Our focus in this article is on embedding sufficient psychological safety- what are the necessary cognitive or behavioural elements? Creative and innovative outcomes in the workplace arise from a complex interaction between the individual and others at various levels of the organisation. If these interactions lead to feelings of well-being, high self-esteem and motivation, the individual will become more inclined to stretch him-or herself, to expend discretionary effort and to become creative or innovative.
Extensive research has established that when employees perceive that they are psychologically safe they become more engaged with their actual role and inspired to extend their imagination to activities outside their prescribed role.
Amy Edmonson, probably the best known researcher on psychological safety has written: “Psychological safety describes perceptions of the consequences of taking interpersonal risks in a particular context. It facilitates the willing contribution of ideas and actions to a shared enterprise”.
Ultimately it is the direct manager or supervisor of an employee whose actions will have a major impact on creating or undermining feelings of psychological safety. Amy lists eight leadership behaviours which, if present, will create a climate of psychological safety; namely; being accessible and approachable, acknowledging the limits of your current knowledge, being willing to display fallibility, inviting participation, highlighting failures as learning opportunities, using direct language, setting boundaries, and holding people accountable for transgressions.
Symmetra has gauged the existing level of psychological safety in a range of Australian and Asia Pacific organisations over the course of 2015 by auditing the experiences of 1,264 middle and senior managers who were participating in the Leveraging Diversity of Thought for Innovation workshops. These leaders are working in the professional service, financial, property, legal, research and resources sectors.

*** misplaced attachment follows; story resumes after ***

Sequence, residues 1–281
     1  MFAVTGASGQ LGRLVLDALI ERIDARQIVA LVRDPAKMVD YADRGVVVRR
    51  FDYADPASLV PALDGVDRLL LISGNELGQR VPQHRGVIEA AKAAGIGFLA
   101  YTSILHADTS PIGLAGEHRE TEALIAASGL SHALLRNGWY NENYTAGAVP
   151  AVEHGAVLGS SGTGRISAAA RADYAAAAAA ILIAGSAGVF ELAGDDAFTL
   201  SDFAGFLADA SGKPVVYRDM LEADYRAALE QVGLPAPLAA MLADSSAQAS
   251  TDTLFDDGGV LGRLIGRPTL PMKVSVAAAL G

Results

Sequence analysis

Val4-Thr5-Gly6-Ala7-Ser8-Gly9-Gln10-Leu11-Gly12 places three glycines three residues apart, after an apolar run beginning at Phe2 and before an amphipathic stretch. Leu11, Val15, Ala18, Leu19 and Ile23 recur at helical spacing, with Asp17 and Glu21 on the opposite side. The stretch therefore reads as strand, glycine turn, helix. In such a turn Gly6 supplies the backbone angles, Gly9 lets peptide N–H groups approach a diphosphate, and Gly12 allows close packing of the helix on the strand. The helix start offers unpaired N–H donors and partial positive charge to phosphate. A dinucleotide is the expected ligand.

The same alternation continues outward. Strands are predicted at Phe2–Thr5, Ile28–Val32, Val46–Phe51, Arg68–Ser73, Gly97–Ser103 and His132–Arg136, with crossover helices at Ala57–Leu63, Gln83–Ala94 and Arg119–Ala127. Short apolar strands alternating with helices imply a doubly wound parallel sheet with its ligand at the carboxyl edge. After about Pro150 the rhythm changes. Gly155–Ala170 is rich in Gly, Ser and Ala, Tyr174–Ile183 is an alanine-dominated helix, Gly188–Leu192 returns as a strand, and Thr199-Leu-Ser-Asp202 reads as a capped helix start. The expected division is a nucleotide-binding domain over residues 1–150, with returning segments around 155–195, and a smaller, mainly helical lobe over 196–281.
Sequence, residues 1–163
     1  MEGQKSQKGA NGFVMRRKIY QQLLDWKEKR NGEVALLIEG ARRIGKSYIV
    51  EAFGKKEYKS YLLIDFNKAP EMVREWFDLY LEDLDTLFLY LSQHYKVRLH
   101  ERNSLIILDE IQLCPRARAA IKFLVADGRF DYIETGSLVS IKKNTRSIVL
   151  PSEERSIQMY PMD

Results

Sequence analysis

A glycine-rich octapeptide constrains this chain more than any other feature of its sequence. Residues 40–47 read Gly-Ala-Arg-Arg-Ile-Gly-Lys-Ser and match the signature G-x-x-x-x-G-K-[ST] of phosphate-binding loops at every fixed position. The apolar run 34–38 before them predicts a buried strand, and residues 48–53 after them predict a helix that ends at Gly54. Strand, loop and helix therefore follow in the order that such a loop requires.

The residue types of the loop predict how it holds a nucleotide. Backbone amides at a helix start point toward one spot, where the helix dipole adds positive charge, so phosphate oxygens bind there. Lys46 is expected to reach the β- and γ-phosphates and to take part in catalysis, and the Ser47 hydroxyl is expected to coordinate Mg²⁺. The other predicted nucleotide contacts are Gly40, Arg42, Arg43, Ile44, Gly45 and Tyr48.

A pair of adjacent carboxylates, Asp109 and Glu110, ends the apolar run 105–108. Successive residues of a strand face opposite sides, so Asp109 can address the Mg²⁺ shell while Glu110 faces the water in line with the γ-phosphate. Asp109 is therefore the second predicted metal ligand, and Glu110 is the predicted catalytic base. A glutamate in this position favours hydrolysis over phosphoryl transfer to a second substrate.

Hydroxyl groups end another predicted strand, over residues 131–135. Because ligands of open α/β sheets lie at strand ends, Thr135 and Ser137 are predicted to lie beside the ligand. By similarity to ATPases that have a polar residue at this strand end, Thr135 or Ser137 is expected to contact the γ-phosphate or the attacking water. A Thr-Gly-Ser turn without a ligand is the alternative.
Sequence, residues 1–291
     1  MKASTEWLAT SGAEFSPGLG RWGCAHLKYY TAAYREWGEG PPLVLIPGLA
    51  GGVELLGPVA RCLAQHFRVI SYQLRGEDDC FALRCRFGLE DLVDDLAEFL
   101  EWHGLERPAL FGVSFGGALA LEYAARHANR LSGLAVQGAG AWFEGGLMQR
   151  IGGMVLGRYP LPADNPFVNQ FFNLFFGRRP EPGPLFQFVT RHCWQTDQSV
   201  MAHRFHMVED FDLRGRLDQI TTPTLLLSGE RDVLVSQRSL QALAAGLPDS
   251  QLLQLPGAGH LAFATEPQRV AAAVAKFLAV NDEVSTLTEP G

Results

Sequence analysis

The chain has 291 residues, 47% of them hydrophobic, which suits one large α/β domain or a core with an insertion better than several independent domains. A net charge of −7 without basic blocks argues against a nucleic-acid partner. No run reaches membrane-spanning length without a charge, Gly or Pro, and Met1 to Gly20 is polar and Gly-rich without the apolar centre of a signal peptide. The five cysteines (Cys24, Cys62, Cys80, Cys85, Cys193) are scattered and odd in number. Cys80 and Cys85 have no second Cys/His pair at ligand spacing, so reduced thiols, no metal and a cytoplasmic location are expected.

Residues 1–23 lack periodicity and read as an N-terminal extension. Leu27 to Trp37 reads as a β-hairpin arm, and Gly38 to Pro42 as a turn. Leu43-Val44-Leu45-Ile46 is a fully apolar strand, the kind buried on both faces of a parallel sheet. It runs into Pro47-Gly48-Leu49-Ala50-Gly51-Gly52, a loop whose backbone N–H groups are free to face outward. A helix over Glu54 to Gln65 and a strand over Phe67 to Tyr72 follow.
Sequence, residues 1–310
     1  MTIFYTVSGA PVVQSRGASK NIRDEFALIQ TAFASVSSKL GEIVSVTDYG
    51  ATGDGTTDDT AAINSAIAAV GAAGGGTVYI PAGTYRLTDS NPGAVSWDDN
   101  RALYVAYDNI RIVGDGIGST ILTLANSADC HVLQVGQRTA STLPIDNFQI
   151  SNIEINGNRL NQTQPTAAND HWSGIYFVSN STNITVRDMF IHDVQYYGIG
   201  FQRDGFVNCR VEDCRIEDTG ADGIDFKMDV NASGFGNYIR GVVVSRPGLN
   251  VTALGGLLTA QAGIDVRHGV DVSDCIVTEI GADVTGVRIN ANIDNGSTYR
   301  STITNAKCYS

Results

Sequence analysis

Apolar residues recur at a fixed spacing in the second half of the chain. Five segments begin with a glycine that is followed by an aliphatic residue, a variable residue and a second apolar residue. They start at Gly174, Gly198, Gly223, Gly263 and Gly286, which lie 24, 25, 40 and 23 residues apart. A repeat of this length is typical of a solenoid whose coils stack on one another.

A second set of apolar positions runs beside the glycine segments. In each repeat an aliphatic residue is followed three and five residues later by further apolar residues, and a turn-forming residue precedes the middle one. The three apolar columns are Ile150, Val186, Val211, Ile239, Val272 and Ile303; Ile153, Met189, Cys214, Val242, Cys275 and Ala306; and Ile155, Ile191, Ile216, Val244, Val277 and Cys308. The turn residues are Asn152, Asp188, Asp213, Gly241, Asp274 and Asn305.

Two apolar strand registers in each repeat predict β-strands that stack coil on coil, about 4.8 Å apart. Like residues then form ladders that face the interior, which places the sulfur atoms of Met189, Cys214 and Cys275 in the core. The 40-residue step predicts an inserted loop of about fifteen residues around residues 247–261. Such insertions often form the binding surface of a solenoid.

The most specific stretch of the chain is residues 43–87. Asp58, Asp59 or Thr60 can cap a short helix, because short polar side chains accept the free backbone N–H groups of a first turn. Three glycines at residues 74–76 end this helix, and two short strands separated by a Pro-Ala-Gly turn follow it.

The graph below shows the current reality : namely that as few as just over a third (37%) of these leaders consider there to be sufficient levels of psychological safety in their teams to encourage challenging each other and the status quo. In many of these organisations there is an actual overt commitment to establishing a speak up culture , but the data indicates they have not been successful in embedding such a culture. What this reflects is a huge opportunity cost for such organisations who have worked so hard to attract and retain the best intellectual capital but are not creating sufficient psychological safety to allow that diversity of thought expression.
To lay the appropriate foundations for sustained innovation, there is a clear need for leaders to build their skills to embed psychological safety, to cultivate a culture where everyone feels safe to question, challenge, take reasonable risks and not be punished for failure. This is a fundamental prerequisite for maximising innovation and achieving the outcomes needed for Australia to meet the Federal Government’s call for innovation.